[extropy-chat] Still confused / make 10M pounds for free

John john.heritage at v21.me.uk
Mon Sep 4 02:14:30 UTC 2006

> pondered.  Religions largely don't seem to be about any real
> exploration or truth seeking, oddly enough.

What's even odder, and bitterly ironic, is that religion and science used to 
be genuine bed buddies. It was only when the discoveries of the religiously 
pious scientist threatend their dominance over the everyday man and woman, 
by presenting pathways by which they too could gain power over their 
environment without having to have masses of people below them to boss 
around, that they rapidly departed company.

I recall the use of a particularly complex steam driven water pump, 
involving sliding weights and pulleys, to automatically open the doors of 
churches in an attempt to awe inspire their visitors.

> Increasingly I believe the masses are irrelevant and the attempt to
> convince them is an utter waste of precious time and resources.   I do
> not like this conclusion of mine but that doesn't entitle me to reject
> it.

This is an idea I've been working on recently as well. That you need to 
assess whether it's genuinely easier for you to 'inform and transform' the 
masses by standard means or to remain anonymous and only seed or initate the 
change once you've exploited the extra time and resources not having to 
inform them gives you to develop something to grab their attention with.

You can argue with a religious guy until you're throat hurts and you have a 
headache, and he'll probably just feel even more certain in his beliefs. 
Instead, you could spend your time developing a cure to death. When it's 
ready, and he's about to die, he'll suddenly believe you.

In fact, here's an example of my thinking that I tried out in reality;

My sister used to sign on with the DSS and spend all of the money going out 
clubbing and paying for mood enhancing pills - at one point she was talking 
about "scamming" a few thousand out of a mental health program, although she 
didn't get round to that. Her friends used to routinely take part in 
questionable applications for additional support - "my back hurts!". My step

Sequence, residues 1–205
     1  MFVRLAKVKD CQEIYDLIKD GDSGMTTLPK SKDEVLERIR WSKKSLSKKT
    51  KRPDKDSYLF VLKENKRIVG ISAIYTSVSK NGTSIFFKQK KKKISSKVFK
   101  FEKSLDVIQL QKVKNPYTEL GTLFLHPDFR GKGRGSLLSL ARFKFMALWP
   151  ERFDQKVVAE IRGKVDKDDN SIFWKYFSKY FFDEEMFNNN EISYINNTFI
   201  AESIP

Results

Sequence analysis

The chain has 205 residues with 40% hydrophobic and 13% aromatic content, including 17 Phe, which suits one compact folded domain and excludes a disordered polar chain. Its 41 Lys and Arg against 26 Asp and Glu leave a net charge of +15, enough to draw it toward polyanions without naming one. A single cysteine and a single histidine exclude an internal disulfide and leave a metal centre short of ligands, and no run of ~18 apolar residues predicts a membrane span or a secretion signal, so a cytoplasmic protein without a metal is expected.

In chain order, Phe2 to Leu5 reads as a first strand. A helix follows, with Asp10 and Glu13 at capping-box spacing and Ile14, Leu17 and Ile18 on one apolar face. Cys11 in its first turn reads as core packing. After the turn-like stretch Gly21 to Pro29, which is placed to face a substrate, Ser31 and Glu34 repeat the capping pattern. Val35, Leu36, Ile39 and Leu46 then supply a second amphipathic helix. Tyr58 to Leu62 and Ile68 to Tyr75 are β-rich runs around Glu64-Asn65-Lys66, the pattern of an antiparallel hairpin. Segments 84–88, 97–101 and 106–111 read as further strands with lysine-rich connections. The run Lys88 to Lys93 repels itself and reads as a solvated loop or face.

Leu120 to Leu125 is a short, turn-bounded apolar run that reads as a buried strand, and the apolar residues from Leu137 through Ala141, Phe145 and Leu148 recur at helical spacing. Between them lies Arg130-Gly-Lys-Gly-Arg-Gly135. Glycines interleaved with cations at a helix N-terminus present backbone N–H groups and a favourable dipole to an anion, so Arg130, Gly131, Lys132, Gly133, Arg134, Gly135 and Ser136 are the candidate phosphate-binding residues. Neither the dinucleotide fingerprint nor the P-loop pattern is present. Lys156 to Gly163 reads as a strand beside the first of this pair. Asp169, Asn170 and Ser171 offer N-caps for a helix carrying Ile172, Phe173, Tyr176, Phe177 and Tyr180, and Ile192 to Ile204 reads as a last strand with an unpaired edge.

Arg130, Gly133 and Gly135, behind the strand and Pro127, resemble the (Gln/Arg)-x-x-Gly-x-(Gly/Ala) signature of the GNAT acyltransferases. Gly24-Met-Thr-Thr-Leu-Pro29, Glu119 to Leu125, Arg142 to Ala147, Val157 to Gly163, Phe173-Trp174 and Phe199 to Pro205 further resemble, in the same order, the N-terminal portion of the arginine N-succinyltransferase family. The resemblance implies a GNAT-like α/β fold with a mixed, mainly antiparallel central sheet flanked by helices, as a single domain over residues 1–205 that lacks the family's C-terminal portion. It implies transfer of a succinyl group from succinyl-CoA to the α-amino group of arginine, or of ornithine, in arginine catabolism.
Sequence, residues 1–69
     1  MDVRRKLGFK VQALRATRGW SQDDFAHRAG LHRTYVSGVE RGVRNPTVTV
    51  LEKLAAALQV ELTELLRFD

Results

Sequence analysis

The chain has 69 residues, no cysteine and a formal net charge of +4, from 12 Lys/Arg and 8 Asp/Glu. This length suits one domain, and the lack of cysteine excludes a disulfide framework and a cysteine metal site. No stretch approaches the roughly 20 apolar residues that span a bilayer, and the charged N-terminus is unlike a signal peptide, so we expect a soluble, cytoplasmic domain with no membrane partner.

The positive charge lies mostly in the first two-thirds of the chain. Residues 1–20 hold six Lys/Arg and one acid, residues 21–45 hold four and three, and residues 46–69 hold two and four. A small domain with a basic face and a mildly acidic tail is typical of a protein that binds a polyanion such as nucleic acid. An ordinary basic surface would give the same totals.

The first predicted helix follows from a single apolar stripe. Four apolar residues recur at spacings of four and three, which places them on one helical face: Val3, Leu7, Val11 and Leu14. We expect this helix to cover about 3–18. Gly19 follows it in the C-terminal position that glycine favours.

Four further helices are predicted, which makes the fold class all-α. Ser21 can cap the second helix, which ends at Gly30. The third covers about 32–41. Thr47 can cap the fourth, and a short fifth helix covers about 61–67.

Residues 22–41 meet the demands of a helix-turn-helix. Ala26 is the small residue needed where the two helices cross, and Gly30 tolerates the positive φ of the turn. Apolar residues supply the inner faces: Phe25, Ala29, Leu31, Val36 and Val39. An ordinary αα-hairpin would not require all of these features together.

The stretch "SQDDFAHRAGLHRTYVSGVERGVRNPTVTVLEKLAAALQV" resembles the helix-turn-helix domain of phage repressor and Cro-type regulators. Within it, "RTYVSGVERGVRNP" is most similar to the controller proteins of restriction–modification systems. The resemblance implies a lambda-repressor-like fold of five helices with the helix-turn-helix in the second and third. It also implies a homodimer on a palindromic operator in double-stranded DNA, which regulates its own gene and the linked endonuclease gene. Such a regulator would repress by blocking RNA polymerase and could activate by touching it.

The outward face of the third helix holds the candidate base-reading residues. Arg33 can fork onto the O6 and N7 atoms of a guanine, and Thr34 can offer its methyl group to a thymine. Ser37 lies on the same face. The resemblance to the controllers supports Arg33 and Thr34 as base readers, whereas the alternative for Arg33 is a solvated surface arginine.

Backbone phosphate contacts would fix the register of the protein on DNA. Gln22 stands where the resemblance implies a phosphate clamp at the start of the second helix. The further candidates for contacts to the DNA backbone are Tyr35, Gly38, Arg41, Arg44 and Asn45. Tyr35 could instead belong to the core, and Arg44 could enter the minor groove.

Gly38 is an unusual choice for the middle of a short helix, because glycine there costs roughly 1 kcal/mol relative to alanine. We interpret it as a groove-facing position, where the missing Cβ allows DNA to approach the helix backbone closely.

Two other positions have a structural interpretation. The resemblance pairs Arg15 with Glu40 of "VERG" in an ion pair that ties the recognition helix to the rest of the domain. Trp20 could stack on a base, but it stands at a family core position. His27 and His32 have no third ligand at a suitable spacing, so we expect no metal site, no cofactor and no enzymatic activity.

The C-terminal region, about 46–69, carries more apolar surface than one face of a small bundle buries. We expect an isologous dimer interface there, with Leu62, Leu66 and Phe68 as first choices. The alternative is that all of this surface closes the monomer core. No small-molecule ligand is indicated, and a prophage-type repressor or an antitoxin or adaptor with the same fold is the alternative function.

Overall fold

sister has similar question marks floating around, e.g. she somewhat 
routinely checks into a psychiatric hospital and then checks back out (a 
nurse across the road from us told us this is something she's watched happen 
a number of times with similar patients).

My friends at school used to sign on for EMA in sixth form then take the 
money (meant for books and equipment) out partying with them or visit strip 
bars and burn up 50UKP in a few minutes - about five times more than I had 
spare. The DSS stated on their site something to the effect of "If you're 
not working, you should sign on as you may be missing out on money you 

Despite not working and not having much money, I'd been brought up being 
told to save money and not take it unless I really needed it. So watching 
all this really, really annoyed me (especially as I'd previously spent some 
time in the box job mentioned later) and I tried to figure out ways of 
changing it.

The DSS don't tell you what to spend money on. It's not illegal, for 
instance, to take it out clubbing with you and use it to buy socially 
acceptable drugs or pay strippers to wiggle around for five minutes.

I devised a truely beautiful plan, to me anyway.

I would sign on and take every pound of my benefits and spend it buying 
national lottery tickets - so in each week I'd buy about a year's worth of 
lottery tickets for a normal person. The only rule to this game was that I 
absolutely could not lie or cheat the people giving it to me - "my back 
hurts!" when it didn't, for example.

Sounds terrible, however stop and compare it to something like... buying 
beer or paying strippers. Potentially, I could have won a gigantic amount of 
cash, never presented a tax problem again and have actually given a lot more 
to society than normal people do - I would have probably given at least some 
of it away to Chernoybl Child or the NSPCC. Neither do lottery tickets